Archos 70 Internet Tablet Review

Well, after being fairly positive in my review of the Coby Kyros, I am now getting a chance first-hand to see how their warranty process works out.  I won’t go into the details but if you have a Kyros and it breaks, you have to mail the unit to the US ($20CAD) and include a $20USD money order for the return trip.  I have my fingers crossed and in no way blame Coby for either the problem or the cost associated with the repair.  They are a low-price, high-volume company.

With that out of the way, I have purchased an Archos 70 Internet Tablet while we wait (im)patiently for the Coby to return.

Archos 70 Internet Tablet

My overall impression:  At $350, the Archos 70 is very reasonably priced for what you get.  it’s no iPad.  In some ways it’s  better, in many ways it is not.

Where the Kyros is a sub-$200 bottom-of-the-barrel Android tablet, the Archos 70 is a mid-range model.  It’s not as high-end as a Galaxy Tab or iPad, but it has many of the features that I care about from these more expensive devices, while still keeping well under $400.  In fact, I gather it’s often at $300 these days.

Me, I paid $350CDN at Tiger Direct.  For this, you get:

  • Pure Android 2.2
  • 1GHz CPU
  • OpenGL-capable graphics
  • 7″ Capacitive multi-touch 800×480 screen
  • A basic but appreciated kickstand
  • A Mini-USB port and Mini-HDMI port, Bluetooth
  • Not much else.

The Coby managed to swing a rather nice case for the money.  It would have been nice for the Archos to do the same.  However, the Kyros case didn’t stop the warranty call, and I find the Archos’ kickstand to be invaluable.

In day-to-day use, the Archos 70 is much faster than the Coby Kyros.  The CPU is clocked a bit higher and is a generation newer than the Kyros and this makes a huge difference.  It’s still not as fast as an iPad, but it is about as fast as the Samsung Galaxy Tab.  It looks like dual-core CPUs are going to be the norm from here on out, so no doubt the Archos 70 won’t age well.  Still, for the money it is no slouch.

The screen is a dust and fingerprint magnet and some people complain about the viewing angles.  I think it looks fine and is appropriate for the price.  If you expect this to be the same quality as a $600 tablet you’ll be disappointed.  If you’re realistic, you’ll be fine with it.

Like the Kyros, the Archos comes with AppsLib rather than the Android Market.  However, it’s even easier to install Google Apps on the Archos.  It took me 10 minutes to find the .apk and another two to install it, then it was off to the races.  As a hackable tablet, it’s a total win.

A small but versatile array of ports

As far as ports go, it has a Mini-USB port that you can apparently use with devices such as USB keyboards.  I haven’t tried this yet, but suspect that it would work fine.  It also has a mini-HDMI port, headphone jack, and power plug.  The power plug looks much like the headphone jack, and I’ve tried plugging the wrong thing in to the wrong spot more than once, so that was unfortunate.  In fact, to me it would have been ideal to have the Archos charge over USB.  Alas, no dice.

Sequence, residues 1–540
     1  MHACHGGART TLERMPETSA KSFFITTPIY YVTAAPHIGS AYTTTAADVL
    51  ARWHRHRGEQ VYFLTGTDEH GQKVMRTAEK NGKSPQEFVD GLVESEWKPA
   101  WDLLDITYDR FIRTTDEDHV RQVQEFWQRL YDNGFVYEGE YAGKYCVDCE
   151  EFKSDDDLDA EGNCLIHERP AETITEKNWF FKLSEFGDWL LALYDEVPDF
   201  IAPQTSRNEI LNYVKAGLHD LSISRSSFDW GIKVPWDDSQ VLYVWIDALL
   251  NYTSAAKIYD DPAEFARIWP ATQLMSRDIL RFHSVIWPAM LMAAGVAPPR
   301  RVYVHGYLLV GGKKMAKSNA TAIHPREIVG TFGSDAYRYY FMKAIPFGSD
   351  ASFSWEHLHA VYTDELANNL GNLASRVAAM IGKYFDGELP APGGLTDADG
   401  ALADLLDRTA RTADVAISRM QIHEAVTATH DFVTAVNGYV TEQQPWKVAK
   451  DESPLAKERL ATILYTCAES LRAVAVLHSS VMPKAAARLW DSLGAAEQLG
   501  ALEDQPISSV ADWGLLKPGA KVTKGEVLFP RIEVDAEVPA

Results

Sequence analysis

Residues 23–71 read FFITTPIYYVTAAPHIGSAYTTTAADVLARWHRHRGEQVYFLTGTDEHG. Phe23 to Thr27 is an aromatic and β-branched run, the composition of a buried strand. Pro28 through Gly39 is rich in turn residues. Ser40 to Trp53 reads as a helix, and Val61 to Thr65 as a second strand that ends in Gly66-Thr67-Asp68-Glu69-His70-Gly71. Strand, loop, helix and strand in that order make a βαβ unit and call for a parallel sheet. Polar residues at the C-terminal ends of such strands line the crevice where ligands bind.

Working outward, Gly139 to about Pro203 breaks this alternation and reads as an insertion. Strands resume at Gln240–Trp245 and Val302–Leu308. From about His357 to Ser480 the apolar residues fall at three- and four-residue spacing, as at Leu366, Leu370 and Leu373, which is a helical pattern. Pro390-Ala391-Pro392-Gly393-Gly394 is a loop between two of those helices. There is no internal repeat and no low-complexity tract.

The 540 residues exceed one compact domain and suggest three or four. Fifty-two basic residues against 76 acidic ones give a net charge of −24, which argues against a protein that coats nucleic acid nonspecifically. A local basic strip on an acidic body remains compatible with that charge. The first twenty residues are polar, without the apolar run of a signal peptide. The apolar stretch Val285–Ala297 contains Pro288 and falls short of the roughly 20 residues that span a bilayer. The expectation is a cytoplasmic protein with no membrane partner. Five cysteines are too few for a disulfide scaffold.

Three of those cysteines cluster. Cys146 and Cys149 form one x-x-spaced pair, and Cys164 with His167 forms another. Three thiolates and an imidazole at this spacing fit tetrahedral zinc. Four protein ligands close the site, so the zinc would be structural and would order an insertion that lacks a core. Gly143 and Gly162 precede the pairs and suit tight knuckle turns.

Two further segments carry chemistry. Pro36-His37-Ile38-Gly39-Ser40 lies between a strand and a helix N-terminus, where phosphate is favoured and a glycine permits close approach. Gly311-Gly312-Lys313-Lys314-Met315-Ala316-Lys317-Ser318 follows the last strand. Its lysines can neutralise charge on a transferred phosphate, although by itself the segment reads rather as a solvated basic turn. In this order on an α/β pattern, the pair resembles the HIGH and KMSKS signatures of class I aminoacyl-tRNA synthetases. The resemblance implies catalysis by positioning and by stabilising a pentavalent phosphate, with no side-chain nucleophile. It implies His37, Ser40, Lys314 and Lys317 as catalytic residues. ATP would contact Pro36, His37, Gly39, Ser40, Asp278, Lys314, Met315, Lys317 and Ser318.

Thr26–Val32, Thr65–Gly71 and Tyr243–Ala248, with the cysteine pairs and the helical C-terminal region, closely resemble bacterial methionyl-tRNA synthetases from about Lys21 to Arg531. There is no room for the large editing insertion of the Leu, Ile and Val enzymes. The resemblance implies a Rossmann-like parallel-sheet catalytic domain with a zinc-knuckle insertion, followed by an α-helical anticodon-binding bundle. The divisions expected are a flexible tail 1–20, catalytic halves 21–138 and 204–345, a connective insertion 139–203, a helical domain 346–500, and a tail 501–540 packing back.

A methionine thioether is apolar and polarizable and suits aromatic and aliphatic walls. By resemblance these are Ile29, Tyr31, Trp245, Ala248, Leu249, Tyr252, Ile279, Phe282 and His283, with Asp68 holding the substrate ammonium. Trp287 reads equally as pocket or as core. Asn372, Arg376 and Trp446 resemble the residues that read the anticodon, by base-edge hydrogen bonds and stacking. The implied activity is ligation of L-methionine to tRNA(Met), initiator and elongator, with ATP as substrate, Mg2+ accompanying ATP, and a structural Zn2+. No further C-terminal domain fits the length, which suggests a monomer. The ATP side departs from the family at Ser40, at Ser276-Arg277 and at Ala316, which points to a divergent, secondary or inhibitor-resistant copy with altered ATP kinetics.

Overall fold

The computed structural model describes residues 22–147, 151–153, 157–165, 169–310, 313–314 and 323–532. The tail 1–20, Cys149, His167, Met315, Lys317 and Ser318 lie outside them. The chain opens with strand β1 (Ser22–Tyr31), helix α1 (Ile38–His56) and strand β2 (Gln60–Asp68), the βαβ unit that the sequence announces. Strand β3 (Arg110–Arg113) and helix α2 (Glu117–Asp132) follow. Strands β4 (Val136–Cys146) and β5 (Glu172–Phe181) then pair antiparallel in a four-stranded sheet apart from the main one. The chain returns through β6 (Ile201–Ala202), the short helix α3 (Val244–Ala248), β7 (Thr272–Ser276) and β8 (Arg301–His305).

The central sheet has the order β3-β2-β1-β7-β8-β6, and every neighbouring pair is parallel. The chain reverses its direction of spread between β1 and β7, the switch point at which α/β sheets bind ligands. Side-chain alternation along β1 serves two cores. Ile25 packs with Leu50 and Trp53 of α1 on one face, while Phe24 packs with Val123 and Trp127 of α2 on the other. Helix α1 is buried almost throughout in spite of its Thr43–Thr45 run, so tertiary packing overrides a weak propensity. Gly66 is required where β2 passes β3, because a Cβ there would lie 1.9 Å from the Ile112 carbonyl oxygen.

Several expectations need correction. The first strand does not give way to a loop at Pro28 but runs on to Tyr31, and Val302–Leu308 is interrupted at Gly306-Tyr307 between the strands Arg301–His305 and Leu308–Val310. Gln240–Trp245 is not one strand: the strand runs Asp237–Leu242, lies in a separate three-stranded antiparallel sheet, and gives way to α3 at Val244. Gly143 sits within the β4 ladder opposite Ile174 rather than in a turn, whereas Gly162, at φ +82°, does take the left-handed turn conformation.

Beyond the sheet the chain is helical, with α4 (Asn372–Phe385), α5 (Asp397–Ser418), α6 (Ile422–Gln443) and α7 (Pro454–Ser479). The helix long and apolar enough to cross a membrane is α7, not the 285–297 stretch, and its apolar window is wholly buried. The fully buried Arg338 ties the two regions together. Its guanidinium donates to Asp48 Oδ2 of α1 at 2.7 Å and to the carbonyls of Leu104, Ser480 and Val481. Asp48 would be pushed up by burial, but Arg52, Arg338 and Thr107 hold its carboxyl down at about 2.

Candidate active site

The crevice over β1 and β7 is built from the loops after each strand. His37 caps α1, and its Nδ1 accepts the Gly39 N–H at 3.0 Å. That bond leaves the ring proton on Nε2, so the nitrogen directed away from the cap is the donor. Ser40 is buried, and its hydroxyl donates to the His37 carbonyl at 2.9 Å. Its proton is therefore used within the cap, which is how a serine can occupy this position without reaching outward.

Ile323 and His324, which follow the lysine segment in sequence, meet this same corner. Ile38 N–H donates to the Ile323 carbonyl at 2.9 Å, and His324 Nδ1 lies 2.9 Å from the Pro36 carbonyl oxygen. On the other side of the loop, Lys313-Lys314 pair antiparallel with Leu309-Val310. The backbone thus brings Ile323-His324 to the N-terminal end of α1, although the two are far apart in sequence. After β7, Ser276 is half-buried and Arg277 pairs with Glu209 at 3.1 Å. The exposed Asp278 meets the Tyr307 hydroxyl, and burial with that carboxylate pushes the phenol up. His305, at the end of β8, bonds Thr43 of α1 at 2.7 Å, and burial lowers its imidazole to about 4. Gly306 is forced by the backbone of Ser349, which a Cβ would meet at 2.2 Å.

One thing I felt was lacking from the Kyros was bluetooth.  Thankfully, the Archos 70 has this.  This means that you can pair with a keyboard, tether to your smartphone, and otherwise use the device for work on the road.  In keeping with Archos’ hackable past, the device can also dual-boot Linux.  This is something that I will get to when the Coby comes back, and likely means that the device will have a fairly useful future ahead of it.  I will report back on this when I test it out.

The Archos easily paired with this Bluetooth keyboard

Android 2.2 works very well on the Archos 70, and Archos seems committed to the device, releasing updates fairly regularly.  The Kobo and Kindle Android apps work well, as do common Android games.  (Yes, Angry Birds works great.)  Thus far, this is the best Android device that I have used.  The browser works very well, and the entire system is quite responsive, even with a paltry 256MB of RAM.  There is a very active community around this device, and the Archos-supported Linux distribution available for the Archos 70 is a very interesting option that isn’t available for anything else that I am aware of.

Overall, the Archos 70 is a very flexible and peppy mid-range Android tablet.  After evaluating the options, I think it’s the best that’s out there for under $500 and certainly the best under $400.  Archos has a 10″ version, the S101, that is $399CDN with 16GB of storage.  They also sell a version of the 70 with a 200GB hard drive, rather than 8GB of flash. I initially purchased the hard drive version for someone at work, as the flash version was unavailable at the time.  While I understand the attraction of a 200GB tablet, the noise, delays, and additional weight of the hard drive version weren’t my cup of tea.  Still, I like having the option, and kudos to Archos for branching out in this regard.

The Archos 70, like the Coby Kyros, highlight the virtues of an open platform.  Sure, they aren’t a slick as an iPad, but the price and size are nice.  If you’re looking for a 7″ Android tablet, I don’t think you’ll do better all-around than the Archos 70.  It’s a big step up from the Coby and is still very reasonably priced.

The Archos, a Kobo, Palm Pre2, and Sony PRS 505

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